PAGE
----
2020 will go down as one of the most challenging years in history for our country, our state, and, of course, our educators. But as always, they rose to the occasion.
24 Teacher Achievement Award winners were recognized Thursday. From that group, a panel chose three state winners as well.
FRANKFORT (KT) — Kentucky Department of Education officials appeared before a legislative committee on Wednesday to discuss how they plan to deal with a request by the state budget director’s office to reduce their budget by 8% during the current fiscal year.
Education Commissioner Jason Glass told the General Assembly’s Budget Review Subcommittee on Education reductions during a current budget year are more difficult.
HAMILTON COUNTY, Tenn. — Tennessee Education Commissioner Penny Schwinn toured Woodmore Elementary and Wallace A. Smith Elementary on Thursday.
After touring the schools, she answered our questions about the state of education in the state of Tennessee.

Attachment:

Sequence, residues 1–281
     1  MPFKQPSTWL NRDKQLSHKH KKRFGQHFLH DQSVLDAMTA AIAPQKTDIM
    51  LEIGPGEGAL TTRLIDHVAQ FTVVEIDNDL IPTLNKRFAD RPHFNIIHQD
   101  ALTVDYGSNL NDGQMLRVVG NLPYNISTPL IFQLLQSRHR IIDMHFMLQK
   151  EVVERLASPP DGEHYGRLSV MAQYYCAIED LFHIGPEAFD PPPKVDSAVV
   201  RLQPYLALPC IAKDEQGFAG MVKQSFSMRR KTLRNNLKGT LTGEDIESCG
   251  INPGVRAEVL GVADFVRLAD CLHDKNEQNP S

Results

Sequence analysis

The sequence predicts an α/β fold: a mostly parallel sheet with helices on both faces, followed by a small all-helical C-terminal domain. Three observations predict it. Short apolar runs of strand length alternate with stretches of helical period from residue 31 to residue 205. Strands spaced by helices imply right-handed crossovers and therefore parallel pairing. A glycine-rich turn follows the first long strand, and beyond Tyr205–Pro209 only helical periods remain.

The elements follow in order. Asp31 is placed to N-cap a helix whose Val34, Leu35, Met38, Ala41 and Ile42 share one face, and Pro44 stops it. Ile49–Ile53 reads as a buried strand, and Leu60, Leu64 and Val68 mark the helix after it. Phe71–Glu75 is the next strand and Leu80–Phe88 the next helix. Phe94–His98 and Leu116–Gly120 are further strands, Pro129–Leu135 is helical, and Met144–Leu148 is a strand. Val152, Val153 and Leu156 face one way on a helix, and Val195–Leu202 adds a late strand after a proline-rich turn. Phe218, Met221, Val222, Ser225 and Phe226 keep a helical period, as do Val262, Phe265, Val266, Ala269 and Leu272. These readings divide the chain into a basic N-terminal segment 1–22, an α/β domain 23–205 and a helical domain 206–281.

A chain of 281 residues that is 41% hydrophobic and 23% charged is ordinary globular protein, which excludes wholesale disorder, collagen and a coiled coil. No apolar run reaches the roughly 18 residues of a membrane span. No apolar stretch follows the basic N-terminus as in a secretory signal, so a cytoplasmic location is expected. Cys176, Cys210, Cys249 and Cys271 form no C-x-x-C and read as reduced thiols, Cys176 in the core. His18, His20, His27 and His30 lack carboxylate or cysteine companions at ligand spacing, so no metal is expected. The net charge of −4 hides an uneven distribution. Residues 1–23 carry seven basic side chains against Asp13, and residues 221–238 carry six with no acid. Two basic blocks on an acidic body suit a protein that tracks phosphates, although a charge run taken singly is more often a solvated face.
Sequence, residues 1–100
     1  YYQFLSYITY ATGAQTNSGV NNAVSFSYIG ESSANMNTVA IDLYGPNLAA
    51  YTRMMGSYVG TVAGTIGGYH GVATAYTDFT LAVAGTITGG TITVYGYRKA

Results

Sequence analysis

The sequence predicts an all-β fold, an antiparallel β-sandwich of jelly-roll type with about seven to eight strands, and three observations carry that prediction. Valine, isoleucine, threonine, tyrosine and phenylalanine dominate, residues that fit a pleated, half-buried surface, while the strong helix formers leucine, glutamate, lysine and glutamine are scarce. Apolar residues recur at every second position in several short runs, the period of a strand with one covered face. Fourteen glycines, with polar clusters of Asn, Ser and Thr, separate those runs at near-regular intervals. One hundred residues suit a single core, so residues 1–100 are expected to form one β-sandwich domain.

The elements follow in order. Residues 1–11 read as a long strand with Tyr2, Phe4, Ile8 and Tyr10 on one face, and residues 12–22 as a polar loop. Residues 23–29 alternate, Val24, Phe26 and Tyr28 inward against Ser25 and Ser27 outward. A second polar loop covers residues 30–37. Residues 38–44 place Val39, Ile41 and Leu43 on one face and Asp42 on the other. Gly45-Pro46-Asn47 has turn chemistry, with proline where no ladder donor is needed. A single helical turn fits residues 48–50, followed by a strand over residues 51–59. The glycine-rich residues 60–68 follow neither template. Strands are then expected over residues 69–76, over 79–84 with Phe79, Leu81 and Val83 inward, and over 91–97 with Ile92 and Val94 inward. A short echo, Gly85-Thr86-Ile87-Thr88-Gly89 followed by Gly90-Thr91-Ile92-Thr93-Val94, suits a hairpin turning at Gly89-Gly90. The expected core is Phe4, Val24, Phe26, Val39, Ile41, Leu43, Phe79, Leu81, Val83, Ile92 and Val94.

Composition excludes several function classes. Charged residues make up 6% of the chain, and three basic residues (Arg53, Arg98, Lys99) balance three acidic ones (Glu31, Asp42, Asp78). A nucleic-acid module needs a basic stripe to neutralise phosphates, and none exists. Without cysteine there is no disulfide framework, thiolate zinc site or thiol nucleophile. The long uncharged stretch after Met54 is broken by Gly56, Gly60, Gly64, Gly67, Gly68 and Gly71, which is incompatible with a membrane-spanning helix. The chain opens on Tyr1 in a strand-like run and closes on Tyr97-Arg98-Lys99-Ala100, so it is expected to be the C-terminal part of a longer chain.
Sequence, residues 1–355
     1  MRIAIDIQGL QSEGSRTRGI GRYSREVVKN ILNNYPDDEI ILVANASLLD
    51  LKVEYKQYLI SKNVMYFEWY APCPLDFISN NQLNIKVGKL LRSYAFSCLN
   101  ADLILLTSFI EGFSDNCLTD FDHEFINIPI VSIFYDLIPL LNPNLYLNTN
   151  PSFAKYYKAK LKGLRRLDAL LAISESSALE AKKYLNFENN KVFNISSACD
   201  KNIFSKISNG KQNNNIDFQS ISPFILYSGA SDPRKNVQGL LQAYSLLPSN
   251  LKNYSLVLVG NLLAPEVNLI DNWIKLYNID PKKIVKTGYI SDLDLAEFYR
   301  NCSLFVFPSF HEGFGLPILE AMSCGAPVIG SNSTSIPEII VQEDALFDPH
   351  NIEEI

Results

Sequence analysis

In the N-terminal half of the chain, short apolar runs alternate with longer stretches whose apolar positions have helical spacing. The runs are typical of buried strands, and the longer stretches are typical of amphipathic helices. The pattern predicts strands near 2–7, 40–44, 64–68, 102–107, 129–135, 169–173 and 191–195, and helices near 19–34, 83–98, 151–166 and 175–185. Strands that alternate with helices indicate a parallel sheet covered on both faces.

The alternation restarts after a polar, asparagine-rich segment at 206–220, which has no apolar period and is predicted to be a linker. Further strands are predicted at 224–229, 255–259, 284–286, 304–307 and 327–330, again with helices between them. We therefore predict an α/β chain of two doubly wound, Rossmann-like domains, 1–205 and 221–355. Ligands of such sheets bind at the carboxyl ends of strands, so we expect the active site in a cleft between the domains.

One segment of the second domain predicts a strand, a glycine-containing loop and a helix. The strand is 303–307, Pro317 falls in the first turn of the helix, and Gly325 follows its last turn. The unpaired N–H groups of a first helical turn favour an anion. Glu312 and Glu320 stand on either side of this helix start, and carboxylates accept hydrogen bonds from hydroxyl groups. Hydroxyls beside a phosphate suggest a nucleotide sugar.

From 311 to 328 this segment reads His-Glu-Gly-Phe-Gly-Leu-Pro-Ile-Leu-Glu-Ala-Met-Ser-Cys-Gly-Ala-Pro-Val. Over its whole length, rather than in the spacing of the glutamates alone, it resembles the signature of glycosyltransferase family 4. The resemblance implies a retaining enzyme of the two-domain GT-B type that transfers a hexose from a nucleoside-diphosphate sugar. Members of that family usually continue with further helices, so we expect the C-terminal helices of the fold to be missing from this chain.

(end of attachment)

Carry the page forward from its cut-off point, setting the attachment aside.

We streamed the Q&A live on our Facebook page. Watch the livestream below:
The hour before the announcement felt like one of the longest in Kami Lunsford’s life. A 2006 University of Tennessee, Knoxville, alumna, she sat beside her husband, surrounded by blue, white, and gold balloons in the library of Karns Middle School. A livestream from the Tennessee Department of Education played on a laptop computer as Lunsford and eight other finalists logging in from around the state waited.
The speaker on screen quoted from an essay Lunsford, a 14-year music teacher at KMS, had submitted, and the video cut to Tennessee Education Commissioner Penny Schwinn in the hallway outside the library doors. Lunsford shook her head. It couldn’t be. In an instant, Schwinn was through the door naming Lunsford the 2020–21 Tennessee Teacher of the Year.
Governor Bill Lee announced on October 16 that Tennessee schools and teachers will not be held accountable for the results of student testing this year due to the impacts of COVID-19.